The Dream Team with Valerie Delforge.
I often get asked “how do I motivate my team” and this is possibly the most difficult question to answer directly without spending a little time with the employees in question. There are a lot of articles out there about the newer generation and how to motivate them. However, to be fair, it is the same with the “older” generation who are seeing everything changing and are less inclined to feel excited about the industry, with a kind of “seen it all, heard it all” attitude. In recent years, we have witnessed an increase in the mobile industry which in itself makes recruitment more and more difficult as the candidates are scarce and “the good ones” may be demanding financially or with an ulterior motive. So, how can we motivate a team that seems to be more focused on themselves than ever? I am often asked by salon owners, what if I motivate and train my employees only for them to leave and open their own place? Is there a solution? No matter the staff situation here is the mindset I always follow:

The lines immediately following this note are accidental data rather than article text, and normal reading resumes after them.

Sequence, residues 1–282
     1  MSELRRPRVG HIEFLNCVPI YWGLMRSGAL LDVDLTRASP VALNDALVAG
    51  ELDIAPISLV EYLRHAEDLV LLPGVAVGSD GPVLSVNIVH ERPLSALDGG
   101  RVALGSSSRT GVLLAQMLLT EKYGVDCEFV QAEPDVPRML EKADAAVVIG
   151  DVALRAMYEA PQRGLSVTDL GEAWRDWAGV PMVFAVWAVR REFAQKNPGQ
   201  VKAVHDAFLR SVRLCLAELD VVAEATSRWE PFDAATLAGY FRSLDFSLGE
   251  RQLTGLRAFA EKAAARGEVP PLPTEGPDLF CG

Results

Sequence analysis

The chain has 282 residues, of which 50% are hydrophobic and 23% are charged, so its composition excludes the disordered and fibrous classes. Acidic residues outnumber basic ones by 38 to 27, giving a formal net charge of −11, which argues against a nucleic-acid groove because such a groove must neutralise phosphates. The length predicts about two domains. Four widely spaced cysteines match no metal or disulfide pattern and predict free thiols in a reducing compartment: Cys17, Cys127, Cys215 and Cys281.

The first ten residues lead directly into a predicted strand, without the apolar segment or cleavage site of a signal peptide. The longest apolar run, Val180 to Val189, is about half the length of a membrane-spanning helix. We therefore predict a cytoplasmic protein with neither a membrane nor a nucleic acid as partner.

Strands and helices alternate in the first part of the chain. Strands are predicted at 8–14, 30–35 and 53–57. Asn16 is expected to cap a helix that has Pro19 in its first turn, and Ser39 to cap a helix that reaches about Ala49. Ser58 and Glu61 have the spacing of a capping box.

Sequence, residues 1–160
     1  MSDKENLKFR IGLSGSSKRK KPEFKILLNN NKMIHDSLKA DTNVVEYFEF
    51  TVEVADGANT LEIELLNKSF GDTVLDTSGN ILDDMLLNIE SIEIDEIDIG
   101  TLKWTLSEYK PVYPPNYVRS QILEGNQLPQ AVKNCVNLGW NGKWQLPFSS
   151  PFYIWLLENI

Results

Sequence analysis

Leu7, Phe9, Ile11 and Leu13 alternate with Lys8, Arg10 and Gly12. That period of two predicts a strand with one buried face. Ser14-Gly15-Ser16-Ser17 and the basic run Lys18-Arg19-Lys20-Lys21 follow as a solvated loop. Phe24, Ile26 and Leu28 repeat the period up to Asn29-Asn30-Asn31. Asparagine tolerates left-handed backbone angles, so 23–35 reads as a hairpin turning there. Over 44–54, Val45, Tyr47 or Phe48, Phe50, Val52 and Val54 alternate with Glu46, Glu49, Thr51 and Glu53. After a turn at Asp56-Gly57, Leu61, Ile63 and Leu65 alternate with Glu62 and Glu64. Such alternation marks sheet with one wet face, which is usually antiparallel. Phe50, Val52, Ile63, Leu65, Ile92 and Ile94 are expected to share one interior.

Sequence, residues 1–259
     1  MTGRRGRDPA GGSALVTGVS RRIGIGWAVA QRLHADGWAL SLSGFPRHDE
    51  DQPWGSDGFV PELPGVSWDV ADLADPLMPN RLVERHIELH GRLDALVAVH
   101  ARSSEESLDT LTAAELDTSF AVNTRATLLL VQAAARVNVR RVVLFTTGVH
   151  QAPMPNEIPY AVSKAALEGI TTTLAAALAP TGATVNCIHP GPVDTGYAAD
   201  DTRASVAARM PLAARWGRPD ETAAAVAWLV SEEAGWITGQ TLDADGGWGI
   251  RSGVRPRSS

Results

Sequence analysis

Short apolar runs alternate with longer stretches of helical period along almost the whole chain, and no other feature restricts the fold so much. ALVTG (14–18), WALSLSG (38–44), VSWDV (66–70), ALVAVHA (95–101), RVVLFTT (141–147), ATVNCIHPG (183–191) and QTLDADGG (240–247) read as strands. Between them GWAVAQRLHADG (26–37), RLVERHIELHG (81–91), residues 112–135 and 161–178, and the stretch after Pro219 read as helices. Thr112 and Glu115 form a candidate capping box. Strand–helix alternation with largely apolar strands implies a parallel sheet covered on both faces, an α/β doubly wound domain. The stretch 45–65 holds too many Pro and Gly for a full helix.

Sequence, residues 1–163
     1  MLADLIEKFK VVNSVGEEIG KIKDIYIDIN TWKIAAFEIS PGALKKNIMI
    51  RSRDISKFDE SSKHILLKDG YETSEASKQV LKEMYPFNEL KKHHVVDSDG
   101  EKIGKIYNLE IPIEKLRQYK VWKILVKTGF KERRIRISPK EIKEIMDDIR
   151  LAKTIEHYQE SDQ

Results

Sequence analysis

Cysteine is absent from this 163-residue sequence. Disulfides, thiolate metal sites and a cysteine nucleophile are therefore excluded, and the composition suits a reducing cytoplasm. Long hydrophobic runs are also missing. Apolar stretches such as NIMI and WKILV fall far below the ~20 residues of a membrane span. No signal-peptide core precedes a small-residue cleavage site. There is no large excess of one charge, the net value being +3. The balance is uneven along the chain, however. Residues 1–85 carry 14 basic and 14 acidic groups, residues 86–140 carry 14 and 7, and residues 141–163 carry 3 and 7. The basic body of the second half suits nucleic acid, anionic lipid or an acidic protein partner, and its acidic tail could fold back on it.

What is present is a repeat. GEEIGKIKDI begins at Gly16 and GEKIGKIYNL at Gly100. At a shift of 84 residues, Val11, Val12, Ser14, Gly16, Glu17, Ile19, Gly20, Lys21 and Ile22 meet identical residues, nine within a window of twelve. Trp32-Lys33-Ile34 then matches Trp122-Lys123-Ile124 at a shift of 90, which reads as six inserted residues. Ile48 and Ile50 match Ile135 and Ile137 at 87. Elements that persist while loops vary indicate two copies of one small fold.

A TEAM ADHERES TO A VISION
The clearer the vision, the clearer the dream. The more your team is sure about where you are leading them, the more they will follow you on your journey. In essence, your passion cannot help but be noticed. The energy becomes positive, the vibes are catchy and the mood is pleasant. Who wants to work in a negative and draining environment? Ask yourself, does your team know your vision?
CREATE A WIN - WIN INDIVIDUAL PLAN OF ACTION